Fiat BR.20

The Fiat BR.20 Cicogna (Italian: "stork") was a low-wing twin-engine medium bomber produced from the mid-1930s until the end of World War II by the Turin firm. When it entered service in 1936 it was the first all-metal Italian bomber and it was regarded as one of the most modern medium bomber of the world. It had its baptism of fire in summer 1937, with Aviazione Legionaria, during the Spanish Civil War, when it formed the backbone of Nationalist bombing operations along with the Heinkel He 111. 

Fiat BR.20
Class Aircraft
Type Bomber
Manufacturer Fiat Aviazione
Production Period 1930 - 1936
Origin Italy
Country Name Origin Year
Italy 1936
Country Name Operational Year Retirement Year
China View
Croatia View
Hungary View
Italy 1936 1945 View
Japan View
Spain View
Venezuela View
ManufacturerName Production From Production To Quantity
Fiat Aviazione 1930 1936 500 View

It was then used successfully by the Japanese during the Second Sino-Japanese War. When Italy entered war in 1940, the BR.20 was the standard medium bomber of Regia Aeronautica (Italian Air Force) but it was already showing its age. By 1942, it was mostly used for maritime patrol and operational training for bomber crews. More than 500 were produced before the end of the war.

In 1934, Regia Aeronautica requested Italian aviation manufacturers to submit proposals for a new medium bomber; the specifications called for speeds of 330 km/h (205 mph) at 4,500 m (15,000 ft) and 385 km/h (239 mph) at 5,000 m (16,400 ft), a 1,000 km (620 mi) range and 1,200 kg (2,600 lb) bombload. Although Piaggio, Macchi, Breda, Caproni and Fiat offered aircraft that mainly exceeded the speed requirements (but not range), not all exhibited satisfactory flight characteristics or reliability. Accepted among the successful proposals, together with the trimotor Savoia-Marchetti SM.79 and Cant Z.1007, was the BR.20 Cicogna designed by Celestino Rosatelli, thus gaining the prefix BR, (for "Bombardiere Rosatelli").

The BR.20 was designed and developed quickly, with the design being finalised in 1935 and the first prototype (serial number M.M.274) flown at Turin on 10 February 1936. Production orders were quickly placed, initial deliveries being made to the Regia Aeronautica in September 1936.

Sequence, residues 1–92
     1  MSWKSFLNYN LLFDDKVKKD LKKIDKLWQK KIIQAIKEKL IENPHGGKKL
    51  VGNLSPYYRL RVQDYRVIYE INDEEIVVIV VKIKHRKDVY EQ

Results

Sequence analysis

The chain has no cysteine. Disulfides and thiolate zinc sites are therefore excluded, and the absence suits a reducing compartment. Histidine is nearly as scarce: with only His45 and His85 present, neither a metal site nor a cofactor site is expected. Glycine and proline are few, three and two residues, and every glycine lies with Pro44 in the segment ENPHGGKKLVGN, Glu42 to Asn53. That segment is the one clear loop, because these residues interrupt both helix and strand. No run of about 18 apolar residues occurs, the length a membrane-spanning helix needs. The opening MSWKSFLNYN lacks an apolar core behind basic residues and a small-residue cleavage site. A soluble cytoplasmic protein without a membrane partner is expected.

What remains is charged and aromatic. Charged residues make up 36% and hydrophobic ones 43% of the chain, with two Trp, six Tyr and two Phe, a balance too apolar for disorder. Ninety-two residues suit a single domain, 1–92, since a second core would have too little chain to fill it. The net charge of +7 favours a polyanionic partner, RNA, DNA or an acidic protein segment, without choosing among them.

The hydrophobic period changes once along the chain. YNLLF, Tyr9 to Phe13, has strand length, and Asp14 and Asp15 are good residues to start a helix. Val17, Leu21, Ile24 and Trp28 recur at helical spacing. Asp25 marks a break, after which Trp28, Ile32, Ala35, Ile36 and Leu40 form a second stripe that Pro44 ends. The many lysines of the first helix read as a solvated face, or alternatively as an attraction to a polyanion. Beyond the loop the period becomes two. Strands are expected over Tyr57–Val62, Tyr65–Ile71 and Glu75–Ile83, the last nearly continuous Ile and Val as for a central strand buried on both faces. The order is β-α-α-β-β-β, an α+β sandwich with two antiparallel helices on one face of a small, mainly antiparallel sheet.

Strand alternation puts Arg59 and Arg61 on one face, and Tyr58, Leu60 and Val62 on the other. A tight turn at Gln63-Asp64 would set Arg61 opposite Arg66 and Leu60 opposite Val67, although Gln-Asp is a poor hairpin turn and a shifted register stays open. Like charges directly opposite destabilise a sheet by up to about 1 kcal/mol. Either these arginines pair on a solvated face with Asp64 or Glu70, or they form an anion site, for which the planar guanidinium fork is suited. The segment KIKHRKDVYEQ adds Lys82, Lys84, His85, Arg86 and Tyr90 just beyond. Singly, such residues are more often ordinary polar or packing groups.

When, at the end of 1936, the 13° Stormo Bombardamento Terrestre (in Lonate Pozzolo) was equipped with the "Cicognas" it was probably the most modern bombing unit in the world. Shortly after entering service with the Regia Aeronautica, the aircraft became central to the propaganda campaign lauding Italian engineering. In 1937, two stripped-down BR.20s (designated BR.20A) were built for entry into the prestigious Istres–Damascus air race gaining sixth and seventh place when S.M.79s scored the first place, leaving the Fiats far behind. They had a rounded nose similar to civil aircraft, and had all military hardware, such as defensive turrets, removed. The internal fuel capacity was increased to 7,700 L (2,034 US gal), bringing the maximum range to 6,200 km (3,850 mi). In 1939, a modified long-range BR.20 version (designated BR.20L) named Santo Francesco under the command of Maner Lualdi made a highly publicised nonstop flight from Rome to Addis Ababa at an average speed of 390 km/h (240 mph). It carried 5,000 l (1,321 US gal) of fuel, increasing the range from 3,000 km (1,864 mi) to 4,500 km (2,800 mi).

The main task of the BR.20 was medium-range bombing. It had many features that were very advanced for its time: with a maximum speed of over 400 km/h (250 mph) and a high cruise speed of 320 km/h (200 mph), it was as fast as aircraft like the Tupolev SB light bombers. The range and payload were also very good.

Role Bomber
Manufacturer Fiat
Designer Celestino Rosatelli
First flight 10 February 1936
Introduction 1936
Retired 1945
Primary users Regia Aeronautica
Number built Fiat BR.20 233
Fiat BR.20M 279 

General characteristics

  • Crew: 5
  • Length: 16.68 m (54 ft 8 in)
  • Wingspan: 21.56 m (70 ft 8.75 in)
  • Height: 4.75 m (15 ft 7 in)
  • Wing area: 74.0 m² (796.5 ft²)
  • Empty weight: 6,500 kg (14,330 lb)
  • Max. takeoff weight: 10,100 kg (22,270 lb)
  • Powerplant: 2 × Fiat A.80 RC.41 18-cylinder radial engine, 746 kW (1,000 hp) each


  • Maximum speed: 440 km/h (273 mph)
  • Cruise speed: 340 km/h (211 mph)
  • Range: 2750 km (1,709 mi)
  • Service ceiling: 8,000 m (26,250 ft)


  • Guns: 3× 12.7 mm (.5 in) Breda-SAFAT machine guns
  • Bombs: 1,600 kg (3,530 lb) of bombs

End notes